Martin Schongauer
Biography, Copper Engravings, Paintings of German Graphic Artist.

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Madonna of the Rose Bower (1473)
St Martin's Church, Colmar.

Martin Schongauer (1448-91)


Early Life
Prints By Martin Schongauer

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One of the great Old Masters of 15th century German art, Martin Schongauer is best remembered today for his exceptional printmaking, notably his copper engraving, and his drawing, as well as his altarpiece art, all of which had a decisive influence on late Gothic painting in Germany. Schongauer was one of the most famous artists of the German Renaissance, whose work inspired such masters as Michelangelo and Durer. He himself was influenced by early Flemish painting, as well as the wider Netherlandish Renaissance, and focused mainly on religious art. Active mostly in Colmar, Alsace, his greatest masterpiece is his altarpiece Madonna of the Rose Bower (1473), which still resides in St Martin's church Colmar. In contrast with his earlier art, his later works have a softer, more delicate touch.


Early Life & Training

Born in Colmar, Schongauer came from a family of artists. Two of his brothers became painters and engravers while two others were goldsmiths, like his father. No details of his childhood or early training as a painter or printmaker have survived, although it is probable that he learned the family trade of goldsmithing, after which he left to study at the University of Leipzig.

NOTE: Schongauer's childhood coincided with the apogee of the Cologne School of painting under Stefan Lochner (c.1410-51) during the middle of the 15th century.


As a painter, Schongauer worked in tempera as well as oils and was strongly influenced by the precision and colour of the Flemish religious artist Roger van der Weyden. Out of the small number of works attributable to Schongauer, the Musee d´Unterlinden in Colmar (home of the Isenheim Altarpiece by Matthias Grunewald) holds eleven altarpiece panels: other known paintings include: The Holy Family (c.1470, Alte Pinakothek, Munich), Madonna of the Rose Bower (1473, Saint-Martin's Church, Colmar), The Holy Family (1475-80, Kunsthistorisches Museum, Vienna), and Nativity (c.1480, Gemaldegalerie SMPK, Berlin). In addition, he also executed a number of fresco paintings in Breisach Cathedral (1489-90).

For another painting and printmaking movement in Germany, see the Danube School, led by the Regensburg painter Albrecht Altdorfer (1480-1538), and the Franconian artist Lucas Cranach the Elder (1472-1553).


Schongauer's main focus however was printmaking, in which he developed a clear and well-ordered Gothic style. As in his painting, he chose mostly Biblical subjects, although he also produced genre scenes of everyday life. Without doubt the greatest engraver until the arrival of Albrecht Durer (1471-1528), he developed the technique of cross-hatching to suggest volumes and was the first engraver to successfully curve parallel lines, by rotating the plate against the burin. By the time of his death he had established a very important school of engraving in Colmar, which had a major impact on the next generation of German printmakers. Schongauer's most outstanding prints are those belonging to the series of the Passion and the Death of the Virgin, as well as the Wise and Foolish Virgins. His prints sold throughout Germany, and as far afield as Italy, England and Spain. They survive in several of the world's best art museums, notably the The British Museum, as well as print rooms in the Alte Pinakothek, Munich, the Gemaldegalerie SMPK, Berlin and the Szepmuveszeti Muzeum in Budapest. Schongauer died at Colmar, either in 1488 or 1491.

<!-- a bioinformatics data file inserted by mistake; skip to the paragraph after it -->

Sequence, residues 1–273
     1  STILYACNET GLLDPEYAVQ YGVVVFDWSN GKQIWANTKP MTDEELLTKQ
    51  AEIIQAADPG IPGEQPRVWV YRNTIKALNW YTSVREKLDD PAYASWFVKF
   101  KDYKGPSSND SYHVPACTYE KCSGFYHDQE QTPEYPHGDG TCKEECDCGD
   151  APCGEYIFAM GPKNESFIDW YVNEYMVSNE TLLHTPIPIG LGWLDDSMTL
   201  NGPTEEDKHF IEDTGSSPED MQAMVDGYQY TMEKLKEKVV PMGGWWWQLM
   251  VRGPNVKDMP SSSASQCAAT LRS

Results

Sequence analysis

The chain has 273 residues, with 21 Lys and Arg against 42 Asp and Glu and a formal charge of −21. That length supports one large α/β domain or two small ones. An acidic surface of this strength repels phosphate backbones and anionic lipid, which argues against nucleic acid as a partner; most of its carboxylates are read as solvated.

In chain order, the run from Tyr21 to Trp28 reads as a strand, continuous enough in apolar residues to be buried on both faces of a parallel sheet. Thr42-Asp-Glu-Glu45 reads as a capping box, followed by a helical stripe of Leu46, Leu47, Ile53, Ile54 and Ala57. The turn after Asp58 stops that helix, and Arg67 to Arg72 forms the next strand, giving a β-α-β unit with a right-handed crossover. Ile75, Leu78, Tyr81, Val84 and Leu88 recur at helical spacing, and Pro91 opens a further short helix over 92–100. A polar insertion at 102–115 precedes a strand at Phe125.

Note: During the Medieval era in Europe, goldsmiths mastered the technique of engraving as a means of decorating and inscribing metal. Historians believe that they then began to print impressions of their designs to keep a record of them. From this emerged the engraving of copper printing plates to produce images on paper (old master prints), a process which occurred first in Germany during the 1430s, and in Italy soon afterwards. The Golden Age of engraving lasted roughly from 1470 to 1530, and featured masters like Martin Schongauer, Albrecht Durer, and Lucas van Leiden.



Examples of Prints By Martin Schongauer

The Nativity (1470)
Engraving, National Gallery of Art, Washington DC

The Man of Sorrows with the Virgin Mary & St John the Evangelist (1470-75)
Copper-plate engraving, Graphische Sammlung Albertina, Vienna

Peasant Family Going to the Market (1473-75)
Engraving, The Hermitage, St. Petersburg

Christ Carrying the Cross (1474)
Engraving, The Hermitage, St. Petersburg

Adoration of the Magi (1475)
Copperplate engraving, Gemaldegalerie SMPK, Berlin

Temptation of St Anthony (1475)
Copper engraving, Szepmuveszeti Muzeum

Entombment (1480)
Copper-plate engraving, Graphische Sammlung Albertina, Vienna

A Foolish Virgin (1480s)
Engraving, National Gallery of Art, Washington DC

Madonna on the Turf Bench (1480s)
Copper engraving, Gemaldegalerie SMPK

Madonna and Child in the Courtyard (c.1480)
Copper engraving, Gemaldegalerie SMPK

The First Foolish Virgin (1481)
Copper-plate engraving, Szepmuveszeti Muzeum, Budapest

The Second Wise Virgin (1481)
Copper-plate engraving, Szepmuveszeti Muzeum

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